Head down to Nashville for a full exploration of the city’s culture, arts, history and music. You can take several tours that are specifically geared toward visitors’ interests, whether it’s focused on the Nashville music stars and legends that live here or a look inside some of Nashville’s most famous plantations. Make sure you bring your entire family to share in the joys of your vacation. The city has several restaurants and attractions of all kinds downtown, so be sure to travel slowly as you discover new opportunities in this great city. For some great activity starters, you can book the following tours.
For visitors who are looking to view the quaint homes and large mansions of some of the most famous music legends in the country, this tour is a must-see. The tour will travel past gorgeous neighborhoods where the stars spend their time when they’re not out touring or making records. You’ll travel on a 25 passenger motorcoach, and you’ll see plenty of historical landmarks native to Nashville along the way. Take a look at the legendary homes of singers and musicians like Ronnie Milsap, Dolly Parton, Martina McBride and Alan Jackson.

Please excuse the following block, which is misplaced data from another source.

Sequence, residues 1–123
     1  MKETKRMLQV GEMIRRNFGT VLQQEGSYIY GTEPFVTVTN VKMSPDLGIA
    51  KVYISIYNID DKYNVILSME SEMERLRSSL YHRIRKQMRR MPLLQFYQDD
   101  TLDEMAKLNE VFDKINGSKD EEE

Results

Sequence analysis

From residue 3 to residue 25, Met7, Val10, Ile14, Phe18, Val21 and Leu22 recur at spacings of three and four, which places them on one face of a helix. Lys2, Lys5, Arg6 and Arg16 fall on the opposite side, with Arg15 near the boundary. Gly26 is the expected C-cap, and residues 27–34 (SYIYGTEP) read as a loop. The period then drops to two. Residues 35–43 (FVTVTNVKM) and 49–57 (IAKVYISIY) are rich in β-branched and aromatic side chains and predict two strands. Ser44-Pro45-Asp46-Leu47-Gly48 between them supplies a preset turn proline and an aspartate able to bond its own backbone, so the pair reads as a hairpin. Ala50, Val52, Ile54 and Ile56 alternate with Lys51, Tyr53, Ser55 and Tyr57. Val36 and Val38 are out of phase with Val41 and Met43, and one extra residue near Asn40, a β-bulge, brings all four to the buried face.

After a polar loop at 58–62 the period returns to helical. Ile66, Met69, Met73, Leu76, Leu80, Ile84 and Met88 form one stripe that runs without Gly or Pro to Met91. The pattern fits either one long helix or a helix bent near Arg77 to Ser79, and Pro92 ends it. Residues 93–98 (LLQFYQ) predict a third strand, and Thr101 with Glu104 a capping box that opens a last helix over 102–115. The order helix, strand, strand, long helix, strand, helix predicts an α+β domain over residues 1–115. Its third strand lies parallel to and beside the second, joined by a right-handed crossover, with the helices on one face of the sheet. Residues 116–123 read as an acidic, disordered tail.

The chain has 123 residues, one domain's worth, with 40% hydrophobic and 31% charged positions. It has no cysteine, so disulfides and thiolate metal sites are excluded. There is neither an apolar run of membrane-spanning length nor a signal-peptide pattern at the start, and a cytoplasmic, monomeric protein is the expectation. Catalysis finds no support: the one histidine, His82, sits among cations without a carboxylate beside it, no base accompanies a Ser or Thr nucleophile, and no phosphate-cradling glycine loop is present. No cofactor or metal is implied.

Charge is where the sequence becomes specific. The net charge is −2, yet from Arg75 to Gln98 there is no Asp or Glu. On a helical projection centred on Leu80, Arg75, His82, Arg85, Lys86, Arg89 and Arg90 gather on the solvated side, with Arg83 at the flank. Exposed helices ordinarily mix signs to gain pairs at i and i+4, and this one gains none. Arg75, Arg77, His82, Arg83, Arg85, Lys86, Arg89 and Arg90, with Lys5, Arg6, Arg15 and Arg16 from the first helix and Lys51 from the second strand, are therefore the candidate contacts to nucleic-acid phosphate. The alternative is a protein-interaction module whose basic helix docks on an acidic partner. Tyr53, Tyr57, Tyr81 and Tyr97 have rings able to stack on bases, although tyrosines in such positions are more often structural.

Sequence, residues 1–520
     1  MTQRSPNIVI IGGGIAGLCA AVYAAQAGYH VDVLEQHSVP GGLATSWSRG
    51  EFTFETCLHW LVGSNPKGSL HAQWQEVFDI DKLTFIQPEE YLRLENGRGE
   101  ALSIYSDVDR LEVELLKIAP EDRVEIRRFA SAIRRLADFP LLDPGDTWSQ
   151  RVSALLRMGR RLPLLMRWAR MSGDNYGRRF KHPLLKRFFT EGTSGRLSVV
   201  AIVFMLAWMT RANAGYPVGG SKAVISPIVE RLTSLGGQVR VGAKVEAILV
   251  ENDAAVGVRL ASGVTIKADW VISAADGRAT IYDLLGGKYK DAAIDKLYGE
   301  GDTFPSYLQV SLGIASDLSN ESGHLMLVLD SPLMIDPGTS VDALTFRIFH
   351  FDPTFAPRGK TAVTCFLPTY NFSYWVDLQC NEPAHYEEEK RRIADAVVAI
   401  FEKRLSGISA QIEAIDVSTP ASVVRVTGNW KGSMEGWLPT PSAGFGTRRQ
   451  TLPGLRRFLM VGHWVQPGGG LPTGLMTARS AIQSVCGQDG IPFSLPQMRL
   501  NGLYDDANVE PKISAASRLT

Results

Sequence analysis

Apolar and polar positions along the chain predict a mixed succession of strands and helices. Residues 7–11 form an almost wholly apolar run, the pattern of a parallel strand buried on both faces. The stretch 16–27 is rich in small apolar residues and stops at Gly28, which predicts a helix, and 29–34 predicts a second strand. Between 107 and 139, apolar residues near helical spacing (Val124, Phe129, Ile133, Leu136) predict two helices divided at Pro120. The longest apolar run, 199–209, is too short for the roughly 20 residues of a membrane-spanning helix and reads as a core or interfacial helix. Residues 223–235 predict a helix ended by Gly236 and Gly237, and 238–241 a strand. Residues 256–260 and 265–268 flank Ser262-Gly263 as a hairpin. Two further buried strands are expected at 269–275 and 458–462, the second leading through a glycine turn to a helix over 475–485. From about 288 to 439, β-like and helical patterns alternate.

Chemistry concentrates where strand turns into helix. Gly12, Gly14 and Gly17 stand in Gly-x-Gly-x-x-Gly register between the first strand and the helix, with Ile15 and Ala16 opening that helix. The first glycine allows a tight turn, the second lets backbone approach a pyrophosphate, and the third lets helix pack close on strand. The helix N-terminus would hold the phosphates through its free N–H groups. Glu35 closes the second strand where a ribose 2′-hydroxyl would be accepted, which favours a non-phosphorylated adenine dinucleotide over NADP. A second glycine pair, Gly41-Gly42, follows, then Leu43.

After viewing the high life of the country stars, you can take a comprehensive tour of the entire city. Head out on a large bus and visit exciting places and landmarks like Fort Nashborough, the Parthenon, and the Tennessee State Capitol. The tour offers you information that you won’t get any other way and you can take pictures of the city sights as you travel. Your tour finale takes place in the Legends Corner.
Finally, history buffs can rejoice in an incredible tour of the area’s plantations and homes with this exciting tour. Stop by the Belle Meade Plantation and learn about the 10 rustic outbuildings and the old slave cabin dating back to 1832. You’ll be amazed at the cleanliness and perfect condition this old plantation is in. Afterward, you may visit the Hermitage, which dates back to 1837. This building has its original wallpaper, old furniture and many of the materials that belonged to Andrew Jackson.